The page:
At best, the rookie with a fly rod is a voracious learner. Eager. A sponge in a river. Ambitious and open minded.

At worst, the rookie covers up his greenness with foolish boasts. He takes fishermen’s lies and storytelling too far. As a defense, he tries to hide his inexperience and becomes what a friend of mine calls a lifestyle poser.

Sometimes it seems like there’s a lot of that in fly fishing. But it’s probably no more than anywhere else in life. People are people. So trying and failing at something new brings out the best or worst, depending on your disposition, I suppose.

The anglers I call friends have stuck with it because they enjoy the challenges, the frustrations and the rewards, because they love the way the hemlocks smell in April, and not because the fly fishing stickers on their car windows look cool. (Even though they do look pretty cool.)

There’s an authenticity that you can distinguish in the most unseasoned of rookies. Some have a motivation to learn and create a life on the water. And when it’s there, you know the fishing game will be part of who they are for a long, long time.

Gotta love the rookies.

Fish hard, friends.

 

Photo by Hank Jefferson

 

Enjoy the day.
Domenick Swentosky
T R O U T B I T T E N
domenick@troutbitten.com

 

 

Share This Article . . .

Since 2014 and 700+ articles deep
Troutbitten is a free resource for all anglers.
Your support is greatly appreciated.

– Explore These Post Tags –

Domenick Swentosky

Central Pennsylvania

Hi. I’m a father of two young boys, a husband, author, fly fishing guide and a musician. I fish for wild brown trout in the cool limestone waters of Central Pennsylvania year round. This is my home, and I love it. Friends. Family. And the river.

More from this Category

May We Have the Hook Dimensions, Please?

May We Have the Hook Dimensions, Please?

So, if there will be no industry standard on sizing and strength for hooks (and there won’t be), can we at least have the dimensions for each hook that we’re sold? Give us the measurements: hook length, wire diameter, gap width. Why is this so hard?

. . . Given the proliferation of hook brands — many of high quality — this seems the only logical thing to do. Give your buyer the information. Tell them what they are buying. This is the information age, friends! Yes, we can handle this!

Are We Taking the Safety of Trout Too Far?

Are We Taking the Safety of Trout Too Far?

At some point, our worry about the perfect protection of the animal we pursue becomes so involved, so extreme, so overbearing, that the only logical step is to stop fishing altogether. I don’t want that. And I don’t think you do either.

If we’re not careful, one thing will lead to the next. I think we’ve taken the safety of trout far enough. Let’s educate every angler to these standards and stop moving the goalposts.

Fish cold water. Fight ’em fast. Handle gently. Release quickly . . .

They Don’t Have to Eat It to Learn to Reject It

They Don’t Have to Eat It to Learn to Reject It

You’ve probably heard this a lot: “These trout have been caught on that fly before, so they won’t take it.”

Or this: “Once trout are caught on a fly a few times, they learn that it’s a fake.

But trout don’t have to be caught on a fly to learn that it isn’t real. In fact, just seeing one bad drift after another is enough to put trout off of a particular pattern . . .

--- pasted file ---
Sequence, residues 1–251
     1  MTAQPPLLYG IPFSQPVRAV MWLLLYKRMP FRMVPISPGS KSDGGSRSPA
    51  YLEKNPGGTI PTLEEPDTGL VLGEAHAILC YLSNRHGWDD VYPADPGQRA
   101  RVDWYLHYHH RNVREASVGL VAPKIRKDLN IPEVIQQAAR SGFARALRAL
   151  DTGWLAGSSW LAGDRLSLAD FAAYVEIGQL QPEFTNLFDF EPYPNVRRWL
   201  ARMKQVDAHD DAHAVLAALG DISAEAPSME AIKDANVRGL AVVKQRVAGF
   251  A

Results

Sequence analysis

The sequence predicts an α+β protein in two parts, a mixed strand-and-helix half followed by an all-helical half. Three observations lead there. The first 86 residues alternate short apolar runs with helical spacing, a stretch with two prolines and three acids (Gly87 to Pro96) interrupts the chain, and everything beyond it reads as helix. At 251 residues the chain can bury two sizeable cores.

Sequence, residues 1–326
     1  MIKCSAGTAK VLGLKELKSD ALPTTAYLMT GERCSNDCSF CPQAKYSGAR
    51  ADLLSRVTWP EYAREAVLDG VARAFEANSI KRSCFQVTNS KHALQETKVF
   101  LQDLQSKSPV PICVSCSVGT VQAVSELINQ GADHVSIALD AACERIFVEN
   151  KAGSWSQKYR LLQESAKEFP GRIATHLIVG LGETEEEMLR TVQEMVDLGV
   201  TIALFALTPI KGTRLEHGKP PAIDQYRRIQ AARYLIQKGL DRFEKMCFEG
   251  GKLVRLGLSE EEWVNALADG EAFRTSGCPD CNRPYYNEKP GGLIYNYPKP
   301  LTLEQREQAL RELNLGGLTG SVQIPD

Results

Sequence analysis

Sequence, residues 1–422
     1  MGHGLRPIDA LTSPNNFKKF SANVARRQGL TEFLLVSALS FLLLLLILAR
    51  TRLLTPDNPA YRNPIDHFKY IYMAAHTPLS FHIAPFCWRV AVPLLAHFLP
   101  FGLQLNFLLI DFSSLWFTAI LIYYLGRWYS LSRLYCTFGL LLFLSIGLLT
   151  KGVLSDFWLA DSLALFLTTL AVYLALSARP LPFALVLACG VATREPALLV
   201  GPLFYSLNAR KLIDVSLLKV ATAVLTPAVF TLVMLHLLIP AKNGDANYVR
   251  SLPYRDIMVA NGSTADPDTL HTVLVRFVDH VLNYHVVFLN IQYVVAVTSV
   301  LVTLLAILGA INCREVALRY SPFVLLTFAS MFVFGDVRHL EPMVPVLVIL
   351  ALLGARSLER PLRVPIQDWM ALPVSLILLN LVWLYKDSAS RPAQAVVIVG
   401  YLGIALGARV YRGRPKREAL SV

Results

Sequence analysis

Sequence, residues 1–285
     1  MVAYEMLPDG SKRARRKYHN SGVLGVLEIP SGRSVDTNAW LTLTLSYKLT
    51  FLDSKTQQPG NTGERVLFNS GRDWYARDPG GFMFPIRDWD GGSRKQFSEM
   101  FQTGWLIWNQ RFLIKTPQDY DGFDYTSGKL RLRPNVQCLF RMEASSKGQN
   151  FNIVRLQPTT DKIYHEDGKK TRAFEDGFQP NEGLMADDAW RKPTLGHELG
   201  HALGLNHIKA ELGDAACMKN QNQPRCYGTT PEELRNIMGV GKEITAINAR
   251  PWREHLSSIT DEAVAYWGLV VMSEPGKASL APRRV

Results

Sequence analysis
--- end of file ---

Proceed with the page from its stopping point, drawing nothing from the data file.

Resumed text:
Never Blame the Fish

Never Blame the Fish

When everything you expect to work produces nothing, don’t blame the fish. Think more. Try harder.

When your good drifts still leave the net empty, then don’t settle for good. Make things perfect. Never blame the fish . . .

Super Fly — The Story of a Squirmy Wormy

Super Fly — The Story of a Squirmy Wormy

Occasionally (rarely) something comes along that makes trout go a little crazy. Why? Who the hell knows. But it trips some trigger in trout that makes them move further and eat more than they do for just about anything else. In my life there’ve been only four of these super flies.

In dark bars and seedy internet gatherings, I keep my ear to the ground for rumors of the next super fly. Because those who find one can’t keep a secret for long. And I want to be in on the next fly from the ground up again. I want long months of virgin trout that lust for something original yet familiar, the right mix of bold but non-threatening, curiously edible and irresistible. I want to fish another super fly . . .

What do you think?

Be part of the Troutbitten community of ideas.
Be helpful. And be nice.

6 Comments

  1. Very nice, thank you for writing it.

    Reply
  2. Damn dude, one of the greatest blog posts of all time.

    Reply
  3. Reading this completely reminded me of the time we took Scott fishing on Penns. He had my old lug sole bootfoot waders on which made walking in the stream like ice skating. I will never forget him slowly falling in until only his hat was floating on the water….HAHAHA

    Reply
    • LOL!! That was the best. He got stuck over on the right side, because the bank was too steep. No way out. 🙂

      Reply

Submit a Comment

Your email address will not be published. Required fields are marked *

Recent Articles

Recent Posts

Domenick Swentosky

Central Pennsylvania

Hi. I’m a father of two young boys, a husband, author, fly fishing guide and a musician. I fish for wild brown trout in the cool limestone waters of Central Pennsylvania year round. This is my home, and I love it. Friends. Family. And the river.

Pin It on Pinterest